About the Seminar:
Explaining the shift from the priority of the charge of “aggression” in the beginning of the field of international criminal law to its exclusion in the age of the its reinvention around a suite of atrocity charges is the central task for historians in understanding this domain — and it also should matter for observers of the world today.
Yet routinely, international criminal law is presented as running through a smooth trajectory, rather than a stark reversal or at least massive shift.
For this reason, this essay gathers together elements for a case for the transformation in the first place, and floats some hypotheses about its timing and causes.
About the speaker:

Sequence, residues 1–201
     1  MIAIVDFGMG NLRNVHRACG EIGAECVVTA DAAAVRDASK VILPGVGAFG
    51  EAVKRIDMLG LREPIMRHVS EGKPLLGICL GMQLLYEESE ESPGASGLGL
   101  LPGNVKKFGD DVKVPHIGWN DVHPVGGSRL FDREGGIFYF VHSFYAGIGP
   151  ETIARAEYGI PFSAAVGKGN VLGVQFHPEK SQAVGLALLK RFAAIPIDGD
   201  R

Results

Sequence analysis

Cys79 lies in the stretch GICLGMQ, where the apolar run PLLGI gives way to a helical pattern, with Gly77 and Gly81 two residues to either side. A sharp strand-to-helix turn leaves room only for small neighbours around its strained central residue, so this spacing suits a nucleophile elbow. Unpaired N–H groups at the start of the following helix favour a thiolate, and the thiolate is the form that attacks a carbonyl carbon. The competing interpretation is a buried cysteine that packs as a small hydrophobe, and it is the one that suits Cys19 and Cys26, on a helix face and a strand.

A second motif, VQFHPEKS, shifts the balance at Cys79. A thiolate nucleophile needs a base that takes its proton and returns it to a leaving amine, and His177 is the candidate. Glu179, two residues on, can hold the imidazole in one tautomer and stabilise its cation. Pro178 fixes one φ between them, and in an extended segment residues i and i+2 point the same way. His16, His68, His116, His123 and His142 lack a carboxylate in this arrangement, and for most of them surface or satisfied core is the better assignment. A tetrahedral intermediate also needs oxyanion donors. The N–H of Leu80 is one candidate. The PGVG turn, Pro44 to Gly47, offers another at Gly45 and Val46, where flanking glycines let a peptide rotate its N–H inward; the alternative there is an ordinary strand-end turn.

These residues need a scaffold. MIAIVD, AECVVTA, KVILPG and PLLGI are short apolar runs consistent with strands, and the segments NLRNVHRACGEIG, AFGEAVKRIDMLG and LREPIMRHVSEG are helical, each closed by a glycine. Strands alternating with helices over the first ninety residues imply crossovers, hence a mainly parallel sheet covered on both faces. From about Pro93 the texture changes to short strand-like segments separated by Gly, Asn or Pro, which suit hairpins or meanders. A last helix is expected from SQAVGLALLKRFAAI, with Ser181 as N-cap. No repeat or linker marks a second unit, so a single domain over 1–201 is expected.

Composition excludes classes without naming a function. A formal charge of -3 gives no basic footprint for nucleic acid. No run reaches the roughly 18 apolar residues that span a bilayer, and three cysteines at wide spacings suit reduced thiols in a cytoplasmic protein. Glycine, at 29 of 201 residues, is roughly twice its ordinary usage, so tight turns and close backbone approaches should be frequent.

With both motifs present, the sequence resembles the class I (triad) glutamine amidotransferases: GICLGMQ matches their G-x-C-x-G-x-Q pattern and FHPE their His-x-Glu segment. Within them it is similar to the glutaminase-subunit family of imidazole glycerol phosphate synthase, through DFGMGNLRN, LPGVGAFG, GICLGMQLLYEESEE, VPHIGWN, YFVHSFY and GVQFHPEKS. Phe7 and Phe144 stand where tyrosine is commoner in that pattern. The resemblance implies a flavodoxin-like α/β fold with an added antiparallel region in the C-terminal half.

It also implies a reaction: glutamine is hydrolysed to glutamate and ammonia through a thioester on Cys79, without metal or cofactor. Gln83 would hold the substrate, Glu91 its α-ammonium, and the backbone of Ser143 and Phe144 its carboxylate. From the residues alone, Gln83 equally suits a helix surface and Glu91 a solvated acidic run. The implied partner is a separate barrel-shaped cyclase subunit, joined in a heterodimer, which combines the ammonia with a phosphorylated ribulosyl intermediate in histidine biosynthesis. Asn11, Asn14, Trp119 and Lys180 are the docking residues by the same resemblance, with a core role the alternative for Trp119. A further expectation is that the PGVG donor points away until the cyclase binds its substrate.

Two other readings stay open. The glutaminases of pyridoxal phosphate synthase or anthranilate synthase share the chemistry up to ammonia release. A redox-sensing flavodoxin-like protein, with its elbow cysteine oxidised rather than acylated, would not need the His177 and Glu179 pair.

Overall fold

Samuel Moyn is Professor of Law and Professor of History at Yale University.
He has written several books in his fields of European intellectual history and human rights history, including The Last Utopia: Human Rights in History (2010), and edited or coedited a number of others.
His most recent book, based on Mellon Distinguished Lectures at the University of Pennsylvania in fall 2014, is Christian Human Rights (2015). A final book of human rights history, Not Enough: Human Rights in an Unequal World, is forthcoming from Harvard University Press in April 2018.
Over the years he has written in venues such as Boston Review, the Chronicle of Higher Education, Dissent, The Nation, The New Republic, the New York Times, and the Wall Street Journal.
The event is free and open to all.
To register, click here.
Date and Time:
June 26; 4:00 pm to 6:00 pm